There are three types of book endings at the storyteller's disposal:


  • Nice & Neat - Everything is concluded. You've either tied everything up with a nice little "happily ever after" bow or you've left things on a decidedly down note. The tone and message aren't the point. The point is that no reader is left wondering how things really ended.
  • Open Ending - You've come through your final conflict. The dust has settled. Those who you meant to be left standing are, and those who met defeat are appropriately defeated. But as the lights dim and you reach that final paragraph, you leave an unanswered question or two about what happens next.
  • The Bridge - You've come to the end of your story, but you realize there's so much more to say. So much so that you see room for a second book, or a third, or a fourth, etc. Your strategy here is to perhaps use a nice and neat ending with a twist. You resolve the conflict but leave a little hint about what's to come.


So, as you reach the end of your book, ask yourself which of the three appeals to you the most. As always, don't necessarily pick the one that you think will please the reader. Pick the one that you believe fits the story.


-Richard

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Richard Ridley is an award-winning author and paid CreateSpace contributor.


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The Importance of Endings

Supplementing Your Novel

1,495 Views 0 Comments 0 References Permalink Tags: self_publishing, book, author, writers, publishing, craft
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Today I have a big, bold, unconventional marketing idea for you. It's so outrageous you may think me mad. However, I got the idea from a recent news story about Star Trek fans reenacting episodes of the original series in a park. They started off as no-budget productions played for scant friends and family, but it has since grown into a low-budget affair sometimes performed in front of hundreds of people.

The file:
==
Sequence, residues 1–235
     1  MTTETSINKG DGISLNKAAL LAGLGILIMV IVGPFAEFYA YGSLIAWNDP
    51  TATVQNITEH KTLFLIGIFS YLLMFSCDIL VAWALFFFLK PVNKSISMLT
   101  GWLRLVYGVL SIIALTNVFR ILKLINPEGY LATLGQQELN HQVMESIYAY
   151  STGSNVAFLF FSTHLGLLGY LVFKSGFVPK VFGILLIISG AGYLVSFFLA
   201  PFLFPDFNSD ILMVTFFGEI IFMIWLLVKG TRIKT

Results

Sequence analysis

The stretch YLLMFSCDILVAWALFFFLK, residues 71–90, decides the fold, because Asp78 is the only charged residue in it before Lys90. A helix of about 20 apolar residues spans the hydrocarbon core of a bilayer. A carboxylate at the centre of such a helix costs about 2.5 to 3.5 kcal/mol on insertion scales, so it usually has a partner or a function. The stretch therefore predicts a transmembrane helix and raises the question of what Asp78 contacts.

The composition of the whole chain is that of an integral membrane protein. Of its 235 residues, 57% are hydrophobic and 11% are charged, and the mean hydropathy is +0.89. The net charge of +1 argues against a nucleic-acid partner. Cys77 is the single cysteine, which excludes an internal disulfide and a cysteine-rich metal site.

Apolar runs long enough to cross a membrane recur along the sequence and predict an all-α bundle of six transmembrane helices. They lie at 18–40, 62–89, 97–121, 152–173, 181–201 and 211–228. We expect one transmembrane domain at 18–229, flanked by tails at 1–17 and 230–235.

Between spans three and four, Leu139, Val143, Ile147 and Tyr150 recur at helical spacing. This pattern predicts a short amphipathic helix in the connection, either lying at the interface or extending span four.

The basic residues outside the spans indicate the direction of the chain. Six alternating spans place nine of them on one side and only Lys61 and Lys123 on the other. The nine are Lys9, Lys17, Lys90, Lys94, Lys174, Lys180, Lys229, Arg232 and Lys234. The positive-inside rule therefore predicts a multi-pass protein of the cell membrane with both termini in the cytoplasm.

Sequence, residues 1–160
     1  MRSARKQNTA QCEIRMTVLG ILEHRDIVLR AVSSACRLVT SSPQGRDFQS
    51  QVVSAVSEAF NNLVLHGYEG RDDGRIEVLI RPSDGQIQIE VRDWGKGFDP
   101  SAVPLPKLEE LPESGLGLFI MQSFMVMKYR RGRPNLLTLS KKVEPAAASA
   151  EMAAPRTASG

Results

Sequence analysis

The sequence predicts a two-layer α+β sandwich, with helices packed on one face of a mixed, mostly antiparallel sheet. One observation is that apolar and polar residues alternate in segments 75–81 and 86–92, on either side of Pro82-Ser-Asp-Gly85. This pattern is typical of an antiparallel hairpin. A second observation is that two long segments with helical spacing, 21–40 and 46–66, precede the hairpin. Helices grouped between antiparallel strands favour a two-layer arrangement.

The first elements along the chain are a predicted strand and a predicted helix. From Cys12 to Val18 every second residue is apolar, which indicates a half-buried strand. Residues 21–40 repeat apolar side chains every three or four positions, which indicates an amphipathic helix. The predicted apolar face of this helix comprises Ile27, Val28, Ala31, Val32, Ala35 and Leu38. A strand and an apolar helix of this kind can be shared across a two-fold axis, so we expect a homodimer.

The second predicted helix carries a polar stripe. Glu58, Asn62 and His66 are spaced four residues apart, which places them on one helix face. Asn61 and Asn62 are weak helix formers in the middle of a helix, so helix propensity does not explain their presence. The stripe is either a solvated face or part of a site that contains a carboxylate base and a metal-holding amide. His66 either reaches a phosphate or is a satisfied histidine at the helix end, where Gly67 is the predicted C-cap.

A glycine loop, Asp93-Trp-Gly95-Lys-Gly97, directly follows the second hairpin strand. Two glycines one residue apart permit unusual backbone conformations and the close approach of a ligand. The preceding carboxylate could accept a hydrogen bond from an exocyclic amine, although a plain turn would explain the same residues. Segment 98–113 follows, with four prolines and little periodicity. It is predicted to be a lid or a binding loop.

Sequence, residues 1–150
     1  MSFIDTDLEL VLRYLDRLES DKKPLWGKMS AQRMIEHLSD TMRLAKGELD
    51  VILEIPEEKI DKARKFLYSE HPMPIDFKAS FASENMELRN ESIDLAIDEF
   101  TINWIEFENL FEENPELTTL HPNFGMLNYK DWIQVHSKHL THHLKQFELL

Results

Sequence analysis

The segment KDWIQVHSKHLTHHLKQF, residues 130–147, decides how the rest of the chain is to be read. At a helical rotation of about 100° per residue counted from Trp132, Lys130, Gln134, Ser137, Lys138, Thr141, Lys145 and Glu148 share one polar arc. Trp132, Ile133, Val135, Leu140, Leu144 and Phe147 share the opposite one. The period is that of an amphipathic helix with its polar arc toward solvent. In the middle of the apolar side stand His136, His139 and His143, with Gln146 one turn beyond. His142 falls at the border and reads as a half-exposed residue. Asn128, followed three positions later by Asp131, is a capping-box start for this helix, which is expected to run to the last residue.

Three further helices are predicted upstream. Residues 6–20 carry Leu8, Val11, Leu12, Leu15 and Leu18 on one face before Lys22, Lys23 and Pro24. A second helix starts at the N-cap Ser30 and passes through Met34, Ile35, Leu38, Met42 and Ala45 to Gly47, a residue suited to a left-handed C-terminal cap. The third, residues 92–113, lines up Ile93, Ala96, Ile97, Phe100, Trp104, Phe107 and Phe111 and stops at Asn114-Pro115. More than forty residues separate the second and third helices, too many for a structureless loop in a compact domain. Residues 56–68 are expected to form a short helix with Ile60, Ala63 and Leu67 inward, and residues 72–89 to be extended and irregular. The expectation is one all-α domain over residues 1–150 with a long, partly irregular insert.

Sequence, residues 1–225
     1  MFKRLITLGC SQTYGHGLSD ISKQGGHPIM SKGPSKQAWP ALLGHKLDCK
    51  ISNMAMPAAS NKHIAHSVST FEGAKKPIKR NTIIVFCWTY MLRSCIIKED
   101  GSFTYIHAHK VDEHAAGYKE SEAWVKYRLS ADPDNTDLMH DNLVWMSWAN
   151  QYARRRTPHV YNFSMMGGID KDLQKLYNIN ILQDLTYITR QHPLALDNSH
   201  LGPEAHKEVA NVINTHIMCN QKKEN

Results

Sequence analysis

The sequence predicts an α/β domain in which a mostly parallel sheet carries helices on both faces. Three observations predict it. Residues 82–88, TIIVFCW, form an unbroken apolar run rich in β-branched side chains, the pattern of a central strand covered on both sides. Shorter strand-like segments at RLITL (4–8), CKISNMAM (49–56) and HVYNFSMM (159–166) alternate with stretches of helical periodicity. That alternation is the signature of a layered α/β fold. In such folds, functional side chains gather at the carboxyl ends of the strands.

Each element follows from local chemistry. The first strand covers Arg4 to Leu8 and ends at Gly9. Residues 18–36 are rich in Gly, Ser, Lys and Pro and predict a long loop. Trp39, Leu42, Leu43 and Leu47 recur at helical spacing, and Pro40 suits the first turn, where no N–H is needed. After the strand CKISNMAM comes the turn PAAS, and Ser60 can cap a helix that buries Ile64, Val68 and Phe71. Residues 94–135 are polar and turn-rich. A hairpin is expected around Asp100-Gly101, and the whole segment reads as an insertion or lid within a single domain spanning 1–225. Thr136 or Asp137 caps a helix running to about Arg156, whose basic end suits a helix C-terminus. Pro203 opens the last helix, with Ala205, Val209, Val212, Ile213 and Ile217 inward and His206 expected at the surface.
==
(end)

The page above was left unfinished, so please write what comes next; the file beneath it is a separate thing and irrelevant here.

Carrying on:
This same idea could be applied to your book. You could create a play based on your novel. Yes, this would take time, organization, and creativity, but going for bold pays off because bold gets noticed. The aim would be to get not just the people in attendance talking about a play based on your book, but the local media. This local media coverage can turn into simultaneous online coverage that can be shared far and wide.

 

Make no mistake about it: this would require lots of effort with no guarantee of payoff, but it has a multitude of marketing possibilities. First, you can document your efforts to put the production together on your blog and your social media networks. From the writing to the auditioning to the rehearsals to opening night, every stage of your triumphs and struggles could make this not just a marketing endeavor, but a compelling journey by independent artists to showcase their art.

 

Why not just do a video, you ask? Because videos have been done before. This idea is unique, and it takes your brand to a highly interactive level. But it is not for everybody; not every author would consider producing a play based on a novel. However, if you're looking for a bold idea, this is one to think about.

 

Now, over to you: what's your boldest marketing strategy?

 

-Richard

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Richard Ridley is an award-winning author and paid CreateSpace contributor.

 

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More Easy Book Marketing Tips

Build a Plus & Minus Brand Map

1,187 Views 0 Comments 0 References Permalink Tags: self_publishing, authors, marketing, promotion, play
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Welcome to the Weekly News Roundup - a collection of news, advice and opinions from around the virtual globe.

 

Books/Publishing

 

Diary of a Literary Debutante - Salon

Yuko Mishima just signed a publishing deal and she's sharing her journey to publication with the readers of Salon.


Can Your Day Job Lead to Better Writing? -Writer's Digest

Like it or not, that job you hate may be just the thing you need to become a better writer.

 

Film

 

How to Light Your Video on a Budget: Weapons of Mass Production - Filmmaker IQ

Sometimes all it takes is incandescent and fluorescent bulbs to get the right lighting effect.

 

Twelve Ways to Make Your Characters Likeable - Hollywood Oracle

Why do we like some characters even when they're so very bad?

 

Music

 

How to Write A Song, Part 1 - Getting There

What comes first: the words or the melody?

 

Stance Secrets to Singing with Guitar - Judy Rodman

How you hold a guitar can affect your performance as a singer.

 

-Richard

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Richard Ridley is an award-winning author and paid CreateSpace contributor.